There were lots of food stands, boasting cheesesteaks, sausages, burgers, doughnuts, and many other things I had no business eating. But the cold drinks were very welcome – because, my friends, we picked a really hot day to go to Ohio. Although it was overcast and coolish in western Pennsylvania, the sun was beating down relentlessly on the Buckeye State, and the humidity was over the sweat limit by quite a bit. The big sellers at the market were Mason jars full of fresh lemonade with lemons in, and a big straw poking out of the lid. Refills at half price, and you could keep the Mason jar. Yes, this is farm country. Home canning is us.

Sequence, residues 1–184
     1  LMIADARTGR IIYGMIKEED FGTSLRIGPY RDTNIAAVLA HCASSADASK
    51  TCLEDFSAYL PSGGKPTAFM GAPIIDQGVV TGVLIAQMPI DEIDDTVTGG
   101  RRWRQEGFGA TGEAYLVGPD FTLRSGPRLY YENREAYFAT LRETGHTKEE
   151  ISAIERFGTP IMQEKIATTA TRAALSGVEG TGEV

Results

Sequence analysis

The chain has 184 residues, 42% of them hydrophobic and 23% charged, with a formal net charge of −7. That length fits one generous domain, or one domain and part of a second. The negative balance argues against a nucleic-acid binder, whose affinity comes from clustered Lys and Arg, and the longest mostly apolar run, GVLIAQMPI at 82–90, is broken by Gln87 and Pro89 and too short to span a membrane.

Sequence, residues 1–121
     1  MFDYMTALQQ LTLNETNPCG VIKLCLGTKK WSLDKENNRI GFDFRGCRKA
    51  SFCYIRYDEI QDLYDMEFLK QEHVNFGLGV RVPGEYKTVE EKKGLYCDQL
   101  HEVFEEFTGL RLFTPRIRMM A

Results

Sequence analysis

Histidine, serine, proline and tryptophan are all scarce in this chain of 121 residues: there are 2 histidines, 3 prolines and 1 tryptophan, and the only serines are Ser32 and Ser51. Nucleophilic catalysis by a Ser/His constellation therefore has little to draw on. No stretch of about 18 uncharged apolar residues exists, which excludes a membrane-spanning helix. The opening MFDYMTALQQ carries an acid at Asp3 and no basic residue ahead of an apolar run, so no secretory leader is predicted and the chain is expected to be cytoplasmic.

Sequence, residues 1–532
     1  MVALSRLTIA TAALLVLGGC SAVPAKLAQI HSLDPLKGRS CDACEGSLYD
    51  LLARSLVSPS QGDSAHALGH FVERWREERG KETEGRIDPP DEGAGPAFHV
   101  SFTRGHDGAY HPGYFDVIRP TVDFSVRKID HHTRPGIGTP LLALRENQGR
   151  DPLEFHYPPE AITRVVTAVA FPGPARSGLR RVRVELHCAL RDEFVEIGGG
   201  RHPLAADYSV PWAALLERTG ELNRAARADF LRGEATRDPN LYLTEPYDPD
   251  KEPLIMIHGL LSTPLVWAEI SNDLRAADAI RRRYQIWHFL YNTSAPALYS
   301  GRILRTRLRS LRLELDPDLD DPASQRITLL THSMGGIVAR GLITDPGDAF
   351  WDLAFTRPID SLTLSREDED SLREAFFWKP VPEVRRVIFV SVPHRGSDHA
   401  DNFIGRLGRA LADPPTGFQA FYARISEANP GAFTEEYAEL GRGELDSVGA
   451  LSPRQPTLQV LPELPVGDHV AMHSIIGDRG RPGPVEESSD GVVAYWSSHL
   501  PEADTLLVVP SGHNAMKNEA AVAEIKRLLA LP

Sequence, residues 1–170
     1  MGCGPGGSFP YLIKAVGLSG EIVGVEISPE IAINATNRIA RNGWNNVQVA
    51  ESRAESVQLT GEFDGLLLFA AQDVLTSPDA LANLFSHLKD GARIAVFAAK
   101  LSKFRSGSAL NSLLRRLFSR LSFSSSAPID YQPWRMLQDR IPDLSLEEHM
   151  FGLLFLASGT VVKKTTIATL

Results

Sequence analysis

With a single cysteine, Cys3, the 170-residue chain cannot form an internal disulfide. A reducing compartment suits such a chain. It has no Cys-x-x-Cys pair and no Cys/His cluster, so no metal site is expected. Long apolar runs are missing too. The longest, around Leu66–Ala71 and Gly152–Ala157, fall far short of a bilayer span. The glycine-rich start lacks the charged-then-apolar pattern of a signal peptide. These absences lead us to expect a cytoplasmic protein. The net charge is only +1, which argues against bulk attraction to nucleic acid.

The sun was fierce, but fortunately, lots of the goods were in long, open-ended sheds, darker and marginally cooler. I took refuge, located a friendly lady with a bookstall, and set to work combing through her goods. Seeing my walking stick (shopping does my back in), she lent me a chair, and even went out to her car to fetch the sheet music she hadn't put up yet. You can see some of my finds in the picture: books and sheet music for $1 each, such a deal. I also purchased some out-of-print classics to give for Christmas gifts, a copy of Archy and Mehitabel for myself, and a book in Finnish, just because it was amazing to find a book in Finnish in Ohio, right across from the 'all things puppy-dog' booth, and also because I love a dictionary challenge…
The lady knocked $2 off the job lot on the grounds that 'I love running into someone who shares my taste in books and music.' All in all, a good experience.